Unique Variation: Wide-to-Narrow Decline Push-Up
Get on the floor in standard push-up position, then place your feet on an elevated, secure surface such as a bench or set of stairs. Starting with a wide grip (about 4-8 inches outside shoulder width), perform a push-up, extending your arms fully and lowering your body to a point where your chest is about an inch from the floor. After that initial set of wide push-ups, narrow your grip and repeat.
Key Point: Continue to move your hands closer together with each successive set until you have completed a full range of wide and narrow push-ups.
The Bench Dip is a great replacement; place your hands on a flat bench and your feet up on a chair, and perform the dip motion. For added resistance, have someone place a weight plate on your lap. As you fatigue, you can lose the plate and continue as if performing a drop set.
Unique Variation: Dumbbell Skullcrusher
Hold two dumbbells with a hammer grip and lie faceup on a flat bench. Position your upper arms beside your head and extend your arms straight up over your chest. Lower the weight by bending your elbows to bring the dumbbells back toward the top of your head, then reverse the motion to return to the start position.
Key Point: If you don't have a spotter, you can perform this exercise one arm at a time and spot yourself with the nonworking arm.
When in doubt, innovate. The One-Leg Seated Dumbbell Extension uses a dumbbell in place of the machine. Sit on a bench with your knees hanging over the edge. Place a dumbbell across the ankle of the working foot, keep your toes flexed upward, and extend your lower leg upward until your knee joint is straight. Then lower to the start and repeat for reps.
Unique Variation: Weighted Sissy Squat
Stand sideways, hold onto a door frame or other stable object with one hand, and hold a weight plate to your chest with the other hand. Take a very narrow stance and rise up onto your toes. Keeping your chest out and back tight, bend backward at the knees to lower your body toward the floor. Keep your chest pointed toward the ceiling and stay up on your toes. Return to the start by flexing your quads to bring your torso back upright.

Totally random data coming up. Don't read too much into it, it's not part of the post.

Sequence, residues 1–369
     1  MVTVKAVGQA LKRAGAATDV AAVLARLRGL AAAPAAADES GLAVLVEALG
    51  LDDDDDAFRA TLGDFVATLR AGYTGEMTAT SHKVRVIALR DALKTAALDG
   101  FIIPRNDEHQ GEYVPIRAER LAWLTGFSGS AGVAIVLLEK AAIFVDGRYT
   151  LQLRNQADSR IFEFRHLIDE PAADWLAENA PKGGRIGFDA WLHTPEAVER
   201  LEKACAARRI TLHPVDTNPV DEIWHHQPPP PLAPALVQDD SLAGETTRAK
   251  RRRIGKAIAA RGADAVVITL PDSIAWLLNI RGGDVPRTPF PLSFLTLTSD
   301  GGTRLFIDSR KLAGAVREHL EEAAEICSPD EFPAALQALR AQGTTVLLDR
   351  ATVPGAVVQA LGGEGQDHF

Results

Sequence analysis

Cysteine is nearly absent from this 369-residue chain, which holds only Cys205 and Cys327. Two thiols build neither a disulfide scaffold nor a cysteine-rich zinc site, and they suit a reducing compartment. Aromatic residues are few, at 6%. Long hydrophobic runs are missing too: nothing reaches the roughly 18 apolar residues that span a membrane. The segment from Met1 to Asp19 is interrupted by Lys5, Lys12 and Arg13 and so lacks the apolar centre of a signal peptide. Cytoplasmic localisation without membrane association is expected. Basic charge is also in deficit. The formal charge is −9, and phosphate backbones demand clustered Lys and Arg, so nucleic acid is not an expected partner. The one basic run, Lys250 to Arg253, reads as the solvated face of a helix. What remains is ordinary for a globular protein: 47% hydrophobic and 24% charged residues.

Key Point: To ensure balanced development, alternate which arm holds the weight. Also, never allow your heels to touch the floor.
Lying Leg-Curl Machine
Try the Lying Dumbbell Leg Curl. Lie facedown on a flat bench, hold a dumbbell between your feet and perform a leg curl. The additional balance needed calls more stabilizer muscles into play - so you get the best bang for your buck.
Unique Variation: Dumbbell Single-Leg Romanian Deadlift
Stand with a dumbbell in each hand, feet shoulder-width apart. Step forward with one foot 6-12 inches. Keeping your head and chest up, back flat and front leg straight but not locked, bend over at the hips. Focus on the front leg on the way down - your back leg is simply for balance. Lower the dumbbells alongside the front leg; when they reach mid-shin, reverse the motion, concentrating on flexing the hamstring of the front leg.
Key Point: Repeat all reps on the working leg before alternating. Use straps if necessary.
While barbell squats would be ideal, many home gyms don't have a power rack, which you need to do these safely. However, if you have a good set of straps to handle heavy weights, a Dumbbell Squat will do the trick.
Unique Variation: Wall Sit
Place your back against a wall, and slide down until your thighs are parallel to the floor. Keep your feet flat on the floor and back flush with the wall, and hold that position for 10-15 seconds. Increase that time as you get stronger. You can spot yourself by pushing on your thighs.
Key Point: For added resistance, hold dumbbells, flat ends resting on each upper quad.